The top-down archetype applies either a fixed or variable cost to each new variant or part number created. This model is pragmatic and fast to implement, allowing for quick mobilization of the organization and fostering a broader awareness. The bottom-up archetype is more sophisticated and includes both hard costs (for materials, inventory, and the like) and soft costs (including for labor and resourcing) (Exhibit 2). Instead of using an average-cost allocation, this archetype considers business case–specific activities: for example, estimates of manufacturing costs incorporate factors such as variations in change-over requirements or batch sizes; estimates for indirect functions focus on the specific activities involved, rather than applying a single average labor rate. It can be deployed using either a moderate amount of specificity—combining elements from the detailed business case with top-down estimates—or with a high level of detail that breaks down the costs for each component across the value chain.

A bottom-up cost-of-complexity calculator can produce a wide range of benefits.
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Sidebar

The central issue in moving from the simpler top-down to the more-sophisticated bottom-up approach is the availability of data, which can be addressed through digital and analytics (see sidebar, “Deep dive: Building an analytics-based cost-of-complexity model”). The most sophisticated scenarios aim at combining the external and internal perspective, with the objective to link portfolio decisions to detailed estimates of the implications for the internal value chain.

Today’s analytics are powerful enough that in analyzing external complexity, they can achieve levels of detail that once were possible only for internal complexity. Specifically, the ability to consolidate cost, inventory, and other data across an entire product portfolio gives industrial companies an easier, more accurate way to calculate the end-to-end impact of decisions related to the portfolio.

Companies will naturally choose an archetype based on the maturity of their organization, often starting with the simpler approach and moving toward the more sophisticated one over time.

A multifunction cost calculator

Among the most advanced industrial players, cost of complexity is becoming a crucial performance indicator for top management in tracking the profitability of serving new customer needs. A calculation approach that innovates on traditional methods can increase transparency in decisions related both to product introduction and phase-out. With additional features and functionalities, a more granular calculation can run more than 25 separate analyses to determine the cost of complexity across the entire value chain.

End-to-end perspective. The new approach supports a comprehensive business case, with a wide range of cost-input options (both hard and soft) from material, rework, and tooling costs to annual volume and spare inventory.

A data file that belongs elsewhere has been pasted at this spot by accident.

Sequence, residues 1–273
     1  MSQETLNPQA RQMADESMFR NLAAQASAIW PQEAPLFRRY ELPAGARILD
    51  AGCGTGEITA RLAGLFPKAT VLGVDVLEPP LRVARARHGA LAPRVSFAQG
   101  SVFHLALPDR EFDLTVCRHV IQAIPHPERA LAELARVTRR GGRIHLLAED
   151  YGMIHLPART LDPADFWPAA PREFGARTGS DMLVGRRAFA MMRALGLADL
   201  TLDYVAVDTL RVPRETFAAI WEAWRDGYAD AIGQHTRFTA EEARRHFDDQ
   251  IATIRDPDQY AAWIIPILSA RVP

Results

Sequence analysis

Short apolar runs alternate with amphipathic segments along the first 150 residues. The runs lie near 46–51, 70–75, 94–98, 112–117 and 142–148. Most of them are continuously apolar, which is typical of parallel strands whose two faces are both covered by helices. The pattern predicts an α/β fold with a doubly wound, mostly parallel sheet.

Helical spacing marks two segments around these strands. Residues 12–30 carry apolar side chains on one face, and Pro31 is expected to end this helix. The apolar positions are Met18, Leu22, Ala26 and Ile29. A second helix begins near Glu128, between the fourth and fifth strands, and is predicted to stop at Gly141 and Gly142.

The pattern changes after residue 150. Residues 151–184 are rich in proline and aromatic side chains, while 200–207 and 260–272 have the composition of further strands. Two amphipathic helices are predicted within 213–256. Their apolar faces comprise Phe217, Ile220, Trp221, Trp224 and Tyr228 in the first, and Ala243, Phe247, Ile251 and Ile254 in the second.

Multiple operating modes. A quick-analysis mode combines only the highest-priority cost dimensions with industry benchmarks to derive high-level cost implications; in top-down mode, users drill down to the part-number level to answer deeper questions; finally, an advanced mode covers dozens of parameters if data are available.

Design optimizer. An analytics engine lets users input different scenarios, then uses sensitivity analysis to automatically suggest the optimal number of variants to allow.

Portfolio magnifier. The calculator gives the option to aggregate analyses and insights at both the functional and product levels. This way, a company undertaking both DTV and modularization projects can integrate their results for product modules, such as electrical or lighting systems, or for entire products and platforms.

Customization module. The new way of calculating complexity also has the ability to customize user hierarchies, portfolios, and product structures, and define different roles to align to different client contexts.

That transparency offers long-term value to industrial companies that want to take informed action on a range of decisions, from setting the optimal number of variants for a product to determining the impact of combining variants.

An automotive-sector example illustrates the impact form this more holistic cost calculation. Specifically, this manufacturer had three types of instrument clusters in one of its main product portfolios. By using this new calculation method, the company was able to account for the cost of standardization, the recurring direct benefit, and the efficiency improvement in making its decision on how to maximize the value of complexity reduction (Exhibit 3).

Cost-of-complexity analysis reveals hidden cost and efficiency gains.
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In this case, the company found it could save money by using the highest-cost of its three variants—an outcome that it could not have foreseen simply by looking at component costs in isolation. The cost-of-complexity analysis showed that the higher unit costs were more than outweighed by savings in other parts of the value chain that were harder to see, including in working capital, warranty costs, and module maintenance. In a highly competitive sector, savings of three percent are hard-won, with significant additional potential across automotive’s highly complex, multitier supplier structure.


Customization is a way to offer a unique and differentiated proposition to customers. But part and product complexity comes at a price that can be difficult to measure, with hidden costs flying under the radar. An innovative, highly systematic approach to finding and calculating these costs gives manufacturer a truer sense of the toll that product complexity may be taking on their profitability—and the potential to find trade-offs that better satisfy customers while keeping costs at bay.